And I have experienced this repeatedly. A course at the LSE on crimes against humanity proceeds without incident. Suddenly, we are discussing the West Bank or Adolf Eichmann and the air is thick with colourful language: ‘anti-Semitic’, ‘Israeli apologist’, ‘Jewish Police State’, ‘Arab terrorists’. I should say, too, that these phrases, largely employed in lieu of deep thinking, were rarely if ever used by a generation of Israeli and Palestinian students I had the pleasure of teaching and learning from in London. For them, I suspect, too much was at stake to indulge in these sorts of empty rhetorical gestures.

    So, when Professor Gaita asked me to give the opening lecture in this series, my response was an uneasy affirmative. Why speak when, say, Edward Said and Amos Oz have already spoken? And, of course, Israel-Palestine, or Israel-Gaza, is a subject with almost religious power in our society. One can be wrong about Somalia or Aceh or Mexico but with Israel, mistakes are blasphemies not misjudgements. Why then, is Israel different? Why not a public lecture series on Guatemala (a genocide was conducted there in the 1980s without anyone taking much notice) or the Democratic Republic of the Congo (four million dead in six years in war between a state and non-state actor)? What is it that makes everyone a specialist on Israel-Palestine and a generalist on everything else?

    We are certainly more attentive to the nuances of this conflict than some others. Something – a colonial reflex, a biblical atavism, a seventy-year-old wound, a form of identification – makes Europeans and Australians approach Israel differently, some holding it to higher standards, others uncritically applauding its every act of violence.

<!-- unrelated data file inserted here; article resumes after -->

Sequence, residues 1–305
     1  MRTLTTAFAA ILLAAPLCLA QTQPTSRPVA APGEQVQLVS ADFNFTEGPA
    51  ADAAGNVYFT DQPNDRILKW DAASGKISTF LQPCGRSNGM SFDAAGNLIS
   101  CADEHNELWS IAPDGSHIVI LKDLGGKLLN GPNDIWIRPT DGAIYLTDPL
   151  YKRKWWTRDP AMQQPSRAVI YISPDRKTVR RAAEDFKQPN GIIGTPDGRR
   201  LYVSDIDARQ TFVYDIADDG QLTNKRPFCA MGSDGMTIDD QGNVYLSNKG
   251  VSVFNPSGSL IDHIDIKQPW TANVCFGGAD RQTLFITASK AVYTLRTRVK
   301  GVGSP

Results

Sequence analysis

And we also approach the Palestinians differently. For my generation, the PLO, perhaps along with the Basque separatists operating in Guernica, were the first terrorists or the first self-determination movement or both. Theirs was romantic national struggle and atrocious terror at the same time. And they were everywhere but nowhere. A student came to me once, and said that she’d gone home to look for Palestine on the map, after class, but found it wasn’t there.

    So let me continue on a hopeful note. Maybe, Israel-Palestine can teach us that there are nuances, that politics has to be the art of manoeuvring between two apparently incommensurable political goals. That history counts. That words like ‘terrorism’ (applied by some Israelis to virtually all Palestinian resistance) and ‘genocidal’ (the term used by the Arab League Report on Gaza to describe aspects of the Israeli attack) might not be that useful as shorthand for describing activity in the political realm, and that violence and terror are not naturally occurring acts but human creations capable of being ended by humans.